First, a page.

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US Supreme Court Rejects Military Tribunals for Terror Suspects


The U.S. Supreme Court dealt the Bush administration a major legal setback in connection with the war on terror Thursday. The high court ruled that President Bush had overstepped his authority in ordering military tribunals for terrorism suspects being held at the U.S. Naval base at Guantanamo Bay, Cuba.

By a vote of 5-3, the Supreme Court ruled against the Bush administration's plan to use military tribunals to try terror suspects at Guantanamo Bay.

The majority opinion was written by Justice John Paul Stevens, who said the proposed military commissions were illegal under U.S. law and the Geneva Conventions.

In a dissenting opinion, Justice Clarence Thomas wrote that the decision would sorely hamper the president's ability to confront and defeat a new and deadly enemy.

The legal challenge to the tribunals was brought to the high court by lawyers for Salim Ahmed Hamdan. Hamdan worked as a driver and bodyguard for Osama bin Laden and was to go on trial before a military tribunal on a charge of conspiracy.

One of Hamdans lawyers, Professor Neal Katyal of Georgetown University Law School in Washington, spoke outside the Supreme Court.

"It is certainly the case that the president has pushed the bounds of executive authority more so than previous presidents and the ruling today sounds a cautionary note in that regard," he said.

There was quick reaction to the decision from President Bush as well during a news conference with Japanese Prime Minister Koizumi at the White House.

"We will seriously look at the findings, obviously, and one thing I am not going to do, though, is that I am not going to jeopardize the safety of the American people," he said. "I understand we are in a war on terror, that these people were picked up off a battlefield and I will protect the people and at the same time conform with the findings of the Supreme Court."

Thursday's Supreme Court decision dealt specifically with the issue of the military tribunals and did not address the question of the administration's right to hold the roughly 450 detainees now being held at Guantanamo or what should become of the detention camp there.

But lawyers for the detainees and longtime critics of Guantanamo took heart from the high court's ruling.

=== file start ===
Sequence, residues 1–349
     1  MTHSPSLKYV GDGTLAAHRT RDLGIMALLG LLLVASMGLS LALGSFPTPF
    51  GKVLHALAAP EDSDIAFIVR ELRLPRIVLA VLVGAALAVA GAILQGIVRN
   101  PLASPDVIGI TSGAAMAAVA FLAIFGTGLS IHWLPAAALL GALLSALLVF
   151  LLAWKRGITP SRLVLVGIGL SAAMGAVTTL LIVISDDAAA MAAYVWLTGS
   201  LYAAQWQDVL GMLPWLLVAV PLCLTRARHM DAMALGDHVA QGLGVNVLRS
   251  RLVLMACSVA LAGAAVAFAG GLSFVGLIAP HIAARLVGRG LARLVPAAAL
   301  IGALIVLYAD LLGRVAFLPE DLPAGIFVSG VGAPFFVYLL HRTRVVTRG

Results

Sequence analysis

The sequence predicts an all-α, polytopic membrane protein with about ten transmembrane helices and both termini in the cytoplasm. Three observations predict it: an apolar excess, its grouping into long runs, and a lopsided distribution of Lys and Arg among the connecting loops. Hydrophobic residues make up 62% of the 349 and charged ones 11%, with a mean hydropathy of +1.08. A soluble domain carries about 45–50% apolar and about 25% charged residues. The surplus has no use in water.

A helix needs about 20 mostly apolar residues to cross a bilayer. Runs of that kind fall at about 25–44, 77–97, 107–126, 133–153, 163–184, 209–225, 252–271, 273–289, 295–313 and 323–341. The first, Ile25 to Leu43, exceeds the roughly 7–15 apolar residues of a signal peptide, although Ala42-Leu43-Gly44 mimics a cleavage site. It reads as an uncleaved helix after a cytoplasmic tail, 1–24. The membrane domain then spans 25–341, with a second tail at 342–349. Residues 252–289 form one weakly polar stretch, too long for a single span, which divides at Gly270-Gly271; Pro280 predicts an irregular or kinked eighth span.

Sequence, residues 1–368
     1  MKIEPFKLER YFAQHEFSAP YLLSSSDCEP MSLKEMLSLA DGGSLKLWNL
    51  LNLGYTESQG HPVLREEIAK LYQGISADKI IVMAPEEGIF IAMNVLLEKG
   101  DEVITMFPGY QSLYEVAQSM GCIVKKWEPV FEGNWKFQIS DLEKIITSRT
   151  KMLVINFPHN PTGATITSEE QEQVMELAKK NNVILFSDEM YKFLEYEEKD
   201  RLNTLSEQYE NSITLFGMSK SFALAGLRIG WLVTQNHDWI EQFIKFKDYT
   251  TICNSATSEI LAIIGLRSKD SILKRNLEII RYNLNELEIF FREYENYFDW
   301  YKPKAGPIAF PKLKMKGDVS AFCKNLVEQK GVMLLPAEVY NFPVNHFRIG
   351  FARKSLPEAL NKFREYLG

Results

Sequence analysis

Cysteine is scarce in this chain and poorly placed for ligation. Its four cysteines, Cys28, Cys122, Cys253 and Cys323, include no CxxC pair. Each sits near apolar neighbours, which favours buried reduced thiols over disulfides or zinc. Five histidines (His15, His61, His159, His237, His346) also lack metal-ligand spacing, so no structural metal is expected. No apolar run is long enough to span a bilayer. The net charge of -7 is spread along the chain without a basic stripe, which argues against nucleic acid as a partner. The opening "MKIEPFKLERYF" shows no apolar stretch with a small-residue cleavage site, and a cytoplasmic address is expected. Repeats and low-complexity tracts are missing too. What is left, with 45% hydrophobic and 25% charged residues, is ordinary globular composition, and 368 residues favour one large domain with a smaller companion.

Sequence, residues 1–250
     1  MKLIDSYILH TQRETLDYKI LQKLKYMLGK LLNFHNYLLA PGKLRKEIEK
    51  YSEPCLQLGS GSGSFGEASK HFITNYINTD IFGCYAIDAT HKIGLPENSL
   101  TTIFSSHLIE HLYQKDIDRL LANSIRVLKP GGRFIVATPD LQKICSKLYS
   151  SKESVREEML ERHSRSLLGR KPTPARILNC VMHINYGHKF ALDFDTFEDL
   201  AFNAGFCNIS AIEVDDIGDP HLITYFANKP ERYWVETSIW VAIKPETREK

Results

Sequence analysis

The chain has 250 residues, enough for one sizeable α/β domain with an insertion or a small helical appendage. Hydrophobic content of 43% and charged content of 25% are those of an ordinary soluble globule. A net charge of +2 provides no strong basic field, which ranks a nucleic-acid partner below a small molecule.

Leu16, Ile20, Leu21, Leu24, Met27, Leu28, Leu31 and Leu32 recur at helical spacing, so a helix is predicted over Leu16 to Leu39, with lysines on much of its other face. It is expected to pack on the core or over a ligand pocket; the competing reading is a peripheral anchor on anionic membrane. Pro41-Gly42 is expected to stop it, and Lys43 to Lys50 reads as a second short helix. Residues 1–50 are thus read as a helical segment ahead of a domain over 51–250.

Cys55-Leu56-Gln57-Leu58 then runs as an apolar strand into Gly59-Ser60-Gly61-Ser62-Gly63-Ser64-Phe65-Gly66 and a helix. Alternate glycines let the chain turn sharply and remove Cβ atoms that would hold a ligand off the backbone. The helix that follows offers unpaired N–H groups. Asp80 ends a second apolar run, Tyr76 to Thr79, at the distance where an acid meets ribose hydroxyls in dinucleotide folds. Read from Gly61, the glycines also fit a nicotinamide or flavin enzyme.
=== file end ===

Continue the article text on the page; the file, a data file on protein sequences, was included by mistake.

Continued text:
"This is a real victory for the rule of law and a clear assertion of the Supreme Court's own continuing role to police the role of the president in carrying out the war on terror," said Deborah Pearlstein, who is with Human Rights First.

The detention camp at Guantanamo Bay has become the focus of international criticism and even President Bush said recently he would like to close it down if he could find a way to keep dangerous terrorists in custody.

Thursday's decision was the second major Supreme Court ruling against the Bush administration's legal approach to those detained on the battlefield as part of the war on terror.

Two years ago, the high court rejected the president's claim to being able to hold terror suspects indefinitely without giving them access to lawyers and the U.S. civilian court system.

Legal analysts and members of Congress are already considering the impact of the Supreme Court ruling.

Republican Senator John Warner of Virginia says some of the cases involving suspected terrorists at Guantanamo may wind up in the U.S. civilian court system.

"We might look to the federal [court] system and other means by which to provide that. But there also could be an acceleration of efforts to return them to their native countries, to the extent those countries will accept them," he said.

Only eight of the nine Supreme Court justices took part in Thursday's ruling.

Chief Justice John Roberts did not participate because he had ruled in favor of the Bush administration on the issue when he was a federal appeals court judge prior to his appointment to the Supreme Court.

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